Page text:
Jasper’s vomiting persisted through the morning, and Martha worried he was getting dehydrated. Another concern was appendicitis, so by 2:00 p.m., Martha and Jasper headed to Boston Children’s Hospital emergency room.

The mother of three had made a few trips to the emergency room in the past. “At Boston Children’s, you’re so conscious of how mundane and manageable your child’s illness is compared to many other patients,” she says.

A surprise from the trauma team

When Jasper started perking up in the emergency room, Martha thought that perhaps it had just been something he had eaten after all, and she considered taking him home. “And that’s when the full-on miraculous Boston Children’s experience started. The entire staff was like a cast in a TV program. The physician assistant was friendly and accommodating. Blake Windsor, MD, emergency physician, was charismatic and kind and ignored my chatter about food poisoning.”

“I suppose, somewhere at Children’s, there MUST be some surly, disaffected, inattentive, humorless employees — that IS Boston, after all — but the only ones in evidence are as charming, bright, energetic, gentle, patient, charismatic (and good-looking!) as the cast of an absurdly unrealistic television show.”

Text message from Martha to her husband during Jasper’s visit

Windsor ordered an ultrasound, and the technician showed Jasper his inflamed appendix.

David Mooney, MD, MPH, director of the trauma center, entered the scene, explaining every step of the procedure to Jasper and Martha and re-assuring them that he had finished his last appendectomy just one hour before.

Jasper’s birthday weekend ended on Sunday when he was released from Boston Children’s. He returned to seventh grade by mid-week, and the goalie was back on the ice two weeks later.

“We’re very lucky,” says Martha. “When I tell people Jasper had an emergency appendectomy, they say, ‘It must have been so scary.’ But I wasn’t scared for a minute, once we got to Boston Children’s, because everyone we encountered was perfectly confident, kind and calm. We knew we were in the best hospital in the world, and that Jasper was being cared for by doctors and nurses who were incredibly skilled and sympathetic. I wouldn’t call it a pleasure. But we are tremendously grateful and impressed.”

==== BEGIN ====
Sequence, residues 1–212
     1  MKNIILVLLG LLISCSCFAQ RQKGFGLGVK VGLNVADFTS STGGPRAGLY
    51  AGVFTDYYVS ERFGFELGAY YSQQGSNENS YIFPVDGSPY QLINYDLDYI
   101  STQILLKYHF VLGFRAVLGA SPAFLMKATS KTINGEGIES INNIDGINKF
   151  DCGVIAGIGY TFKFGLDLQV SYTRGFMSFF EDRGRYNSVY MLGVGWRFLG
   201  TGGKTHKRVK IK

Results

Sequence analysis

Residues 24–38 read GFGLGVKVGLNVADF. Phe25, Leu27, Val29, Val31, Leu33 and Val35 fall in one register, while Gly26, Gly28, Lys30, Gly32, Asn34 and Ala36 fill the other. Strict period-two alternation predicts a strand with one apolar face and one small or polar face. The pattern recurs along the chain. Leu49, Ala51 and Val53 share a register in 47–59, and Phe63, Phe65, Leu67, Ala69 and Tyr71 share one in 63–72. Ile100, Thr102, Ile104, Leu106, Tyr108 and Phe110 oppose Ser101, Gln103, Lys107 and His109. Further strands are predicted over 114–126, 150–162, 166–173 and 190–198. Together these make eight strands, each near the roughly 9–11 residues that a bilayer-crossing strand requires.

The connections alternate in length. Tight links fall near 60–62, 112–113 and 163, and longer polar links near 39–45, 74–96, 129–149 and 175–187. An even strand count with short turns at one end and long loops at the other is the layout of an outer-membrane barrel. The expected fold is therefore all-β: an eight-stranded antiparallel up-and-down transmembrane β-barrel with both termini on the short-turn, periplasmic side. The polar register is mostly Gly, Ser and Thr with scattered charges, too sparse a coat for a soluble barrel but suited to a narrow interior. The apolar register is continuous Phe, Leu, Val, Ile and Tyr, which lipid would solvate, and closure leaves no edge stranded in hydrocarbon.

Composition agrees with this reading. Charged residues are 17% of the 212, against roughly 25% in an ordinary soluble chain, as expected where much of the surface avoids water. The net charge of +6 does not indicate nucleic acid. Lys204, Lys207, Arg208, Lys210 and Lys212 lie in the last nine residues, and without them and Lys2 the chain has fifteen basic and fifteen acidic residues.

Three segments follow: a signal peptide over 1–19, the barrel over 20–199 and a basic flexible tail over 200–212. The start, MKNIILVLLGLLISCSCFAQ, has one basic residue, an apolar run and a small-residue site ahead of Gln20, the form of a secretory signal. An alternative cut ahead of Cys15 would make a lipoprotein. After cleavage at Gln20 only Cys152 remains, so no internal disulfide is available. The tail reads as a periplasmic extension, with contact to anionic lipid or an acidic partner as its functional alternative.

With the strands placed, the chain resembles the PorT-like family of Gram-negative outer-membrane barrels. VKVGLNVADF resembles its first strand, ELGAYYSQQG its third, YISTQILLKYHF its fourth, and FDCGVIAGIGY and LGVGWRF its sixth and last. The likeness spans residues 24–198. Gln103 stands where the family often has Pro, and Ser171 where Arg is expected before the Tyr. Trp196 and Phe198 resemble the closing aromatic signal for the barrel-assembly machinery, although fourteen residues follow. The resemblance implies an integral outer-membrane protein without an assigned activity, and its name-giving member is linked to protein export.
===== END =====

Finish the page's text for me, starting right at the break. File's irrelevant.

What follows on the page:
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Mick-4When Michael “Mick” Devlin was born in 1987, his parents were sure of two things: They loved him, and they would cherish every minute they had together because no one knew how many they had left.

Mick was born with ornithine transcarbamylase (OTC) deficiency, a genetic disorder that disrupts the liver’s ability to break down protein and eventually leads to a toxic build up of ammonia in the blood. It’s a very serious condition, and when Mick was born there weren’t many sustainable treatment options for OTC deficiency. Many children with the disease died.

Needless to say, when Mick’s parents Cathy and Michael held their newborn son and learned about his OTC deficiency, they were terrified. And while they didn’t know it at the time, their son would soon be one of the first children in New England to receive a successful liver transplant—a surgery that would eventually save his life, and the lives of thousands of children to follow. Full story »

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8 common child health myths busted

by Meaghan O'Keeffe on October 6, 2014

Meaghan O’Keeffe, RN, BSN, is a mother, writer and nurse. She worked at Boston Children’s Hospital for nearly a decade, in both the Cardiac Intensive Care Unit and the Pre-op Clinic.  She is a regular contributor to Thriving.